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The Educational, Musical “Beautiful Earth” Returns to Goddard

June 5, 2014
Image Caption: Kenji Williams, director and composer and co-investigator for Beautiful Earth, performs BELLA GAIA Live.

Angel Mills, NASA’s Goddard Space Flight Center

Students will explore the relationship between human civilization and our ecosystem through time and space in an event called “Beautiful Earth” that combines music, amazing satellite imagery and visualizations.

NASA’s Goddard Space Flight Center in Greenbelt, Maryland, is hosting the agency’s Beautiful Earth interactive program for the first time in two years. The three-year-old program partners with multimedia performance group Bella Gaia and NASA scientists to teach students about space through music and science presentations. Composer Kenji Williams created Bella Gaia to inspire people and give them a glimpse into the rare vantage point that astronauts have when they are in space.

Beautiful Earth Principal Investigator Valerie Casasanto identified the program as a science, technology, engineering, arts, and math or STEAM initiative. “We’re to show concepts without “teaching,” she said. Multimedia and live music including gorgeous visualizations from Goddard’s Scientific Visualization Studio of Earth from space, provide a different view of our Planet Earth.

The program uses art, science, and hands on experiments to inspire and engage students in STEM (science, technology, engineering and math) careers and NASA Earth Science (or Earth studies or something like that), Casasanto said. Surveys from teachers and students before and after Beautiful Earth indicate that students have more interest in STEM after participating in the program.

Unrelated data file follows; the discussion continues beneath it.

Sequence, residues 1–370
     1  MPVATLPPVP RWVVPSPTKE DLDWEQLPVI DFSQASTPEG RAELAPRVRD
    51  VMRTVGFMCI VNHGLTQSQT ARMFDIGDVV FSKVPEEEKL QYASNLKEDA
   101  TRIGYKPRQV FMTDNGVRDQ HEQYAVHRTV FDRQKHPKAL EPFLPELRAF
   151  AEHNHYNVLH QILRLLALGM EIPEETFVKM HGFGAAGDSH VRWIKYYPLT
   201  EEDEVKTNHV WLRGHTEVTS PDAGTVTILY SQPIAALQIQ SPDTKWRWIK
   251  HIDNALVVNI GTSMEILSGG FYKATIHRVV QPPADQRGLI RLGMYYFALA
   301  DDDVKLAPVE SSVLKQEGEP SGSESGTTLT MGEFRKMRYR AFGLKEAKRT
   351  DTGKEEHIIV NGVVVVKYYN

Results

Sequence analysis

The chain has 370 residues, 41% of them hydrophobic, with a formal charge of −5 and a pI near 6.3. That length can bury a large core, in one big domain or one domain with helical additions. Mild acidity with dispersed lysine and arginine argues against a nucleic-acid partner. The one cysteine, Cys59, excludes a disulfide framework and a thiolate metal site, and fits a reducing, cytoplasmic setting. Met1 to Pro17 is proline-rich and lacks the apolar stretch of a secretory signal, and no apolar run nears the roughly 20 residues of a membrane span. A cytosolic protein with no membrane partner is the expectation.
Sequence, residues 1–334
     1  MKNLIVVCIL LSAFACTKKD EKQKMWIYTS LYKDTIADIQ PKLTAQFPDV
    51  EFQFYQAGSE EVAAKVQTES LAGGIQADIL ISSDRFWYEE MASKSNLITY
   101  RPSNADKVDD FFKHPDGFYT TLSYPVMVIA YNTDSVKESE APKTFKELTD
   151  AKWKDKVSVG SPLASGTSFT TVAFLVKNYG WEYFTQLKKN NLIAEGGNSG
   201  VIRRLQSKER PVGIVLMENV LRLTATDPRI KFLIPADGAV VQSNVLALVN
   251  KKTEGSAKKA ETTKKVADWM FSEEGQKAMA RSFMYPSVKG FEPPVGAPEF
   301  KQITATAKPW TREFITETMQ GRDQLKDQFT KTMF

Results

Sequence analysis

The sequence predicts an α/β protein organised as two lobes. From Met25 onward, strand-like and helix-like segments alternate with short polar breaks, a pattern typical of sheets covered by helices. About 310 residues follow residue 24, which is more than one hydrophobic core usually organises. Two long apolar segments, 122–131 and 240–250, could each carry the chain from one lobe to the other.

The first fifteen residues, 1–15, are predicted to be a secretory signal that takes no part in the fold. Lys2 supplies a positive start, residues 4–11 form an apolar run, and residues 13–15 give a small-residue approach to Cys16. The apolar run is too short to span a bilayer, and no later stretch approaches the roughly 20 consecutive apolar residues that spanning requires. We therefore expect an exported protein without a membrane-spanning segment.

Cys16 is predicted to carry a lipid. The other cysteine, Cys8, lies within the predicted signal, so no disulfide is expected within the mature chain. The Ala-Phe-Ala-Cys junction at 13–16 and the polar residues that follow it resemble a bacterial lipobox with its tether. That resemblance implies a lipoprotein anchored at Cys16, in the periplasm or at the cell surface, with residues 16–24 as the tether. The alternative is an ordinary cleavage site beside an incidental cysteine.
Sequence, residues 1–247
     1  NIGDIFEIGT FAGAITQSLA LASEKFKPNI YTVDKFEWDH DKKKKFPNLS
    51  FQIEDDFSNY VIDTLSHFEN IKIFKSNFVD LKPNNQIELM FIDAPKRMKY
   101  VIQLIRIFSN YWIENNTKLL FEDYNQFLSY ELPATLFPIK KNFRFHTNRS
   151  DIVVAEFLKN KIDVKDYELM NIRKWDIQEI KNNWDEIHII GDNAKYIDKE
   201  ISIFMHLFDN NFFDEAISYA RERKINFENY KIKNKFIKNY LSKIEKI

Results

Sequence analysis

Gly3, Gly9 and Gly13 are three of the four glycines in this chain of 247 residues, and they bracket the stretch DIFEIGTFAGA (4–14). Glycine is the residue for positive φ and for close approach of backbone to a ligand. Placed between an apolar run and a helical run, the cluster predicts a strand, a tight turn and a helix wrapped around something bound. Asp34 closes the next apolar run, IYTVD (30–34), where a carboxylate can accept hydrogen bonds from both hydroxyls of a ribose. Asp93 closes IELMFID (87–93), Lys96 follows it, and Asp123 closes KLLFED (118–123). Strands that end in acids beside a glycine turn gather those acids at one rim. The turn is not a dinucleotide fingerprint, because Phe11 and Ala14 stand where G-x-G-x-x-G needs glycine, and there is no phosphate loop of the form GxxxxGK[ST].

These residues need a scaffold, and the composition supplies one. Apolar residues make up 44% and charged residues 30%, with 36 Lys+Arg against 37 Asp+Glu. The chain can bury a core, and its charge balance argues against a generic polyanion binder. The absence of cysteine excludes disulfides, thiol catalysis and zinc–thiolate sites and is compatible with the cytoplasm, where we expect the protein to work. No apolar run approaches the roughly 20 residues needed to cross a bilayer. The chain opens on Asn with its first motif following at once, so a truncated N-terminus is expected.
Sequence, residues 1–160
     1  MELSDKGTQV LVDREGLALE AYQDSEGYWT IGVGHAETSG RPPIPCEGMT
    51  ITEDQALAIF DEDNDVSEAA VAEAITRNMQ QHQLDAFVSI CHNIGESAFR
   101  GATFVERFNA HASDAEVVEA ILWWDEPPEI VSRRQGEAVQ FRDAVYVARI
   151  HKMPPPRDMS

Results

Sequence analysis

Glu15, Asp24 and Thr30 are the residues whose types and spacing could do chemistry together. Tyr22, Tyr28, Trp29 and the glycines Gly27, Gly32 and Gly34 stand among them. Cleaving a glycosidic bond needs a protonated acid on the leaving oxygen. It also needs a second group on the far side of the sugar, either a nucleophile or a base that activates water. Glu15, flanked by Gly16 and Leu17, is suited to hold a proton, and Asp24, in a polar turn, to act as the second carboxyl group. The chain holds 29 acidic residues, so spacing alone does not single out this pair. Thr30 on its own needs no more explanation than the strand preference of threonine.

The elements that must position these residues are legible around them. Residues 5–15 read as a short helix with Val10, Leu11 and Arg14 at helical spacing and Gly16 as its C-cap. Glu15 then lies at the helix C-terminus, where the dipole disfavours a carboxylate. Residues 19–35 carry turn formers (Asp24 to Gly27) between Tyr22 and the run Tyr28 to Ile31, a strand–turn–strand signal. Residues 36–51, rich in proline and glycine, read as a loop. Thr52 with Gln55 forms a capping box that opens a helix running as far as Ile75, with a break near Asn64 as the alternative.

This year’s program coincides with the 10th anniversary of the Aura. Aura was launched in 2004 to monitor Earth’s climate, ozone and air quality. Aura Deputy Project Scientist Bryan Duncan is speaking to middle school students about the mission with a “Science on a Sphere” video presentation. Bella Gaia vocalist Kristin Hoffman also performs live in front of a backdrop of streaming NASA visualizations. Students build satellites, color the ozone holes, and build air-monitoring systems with kits designed by modular electronics creator littleBits.

About 140 middle school students, parents and teachers will attend the program at the Goddard Visitor Center on June 5 from 10 a.m. to 1 p.m. EDT.

To learn more about Beautiful Earth, contact Valerie Casasanto at valerie.a.casasanto@nasa.gov at 301-286-6605.

For more information about Beautiful Earth, visit: http://beautifulearth.gsfc.nasa.gov/


Source: Angel Mills, NASA's Goddard Space Flight Center



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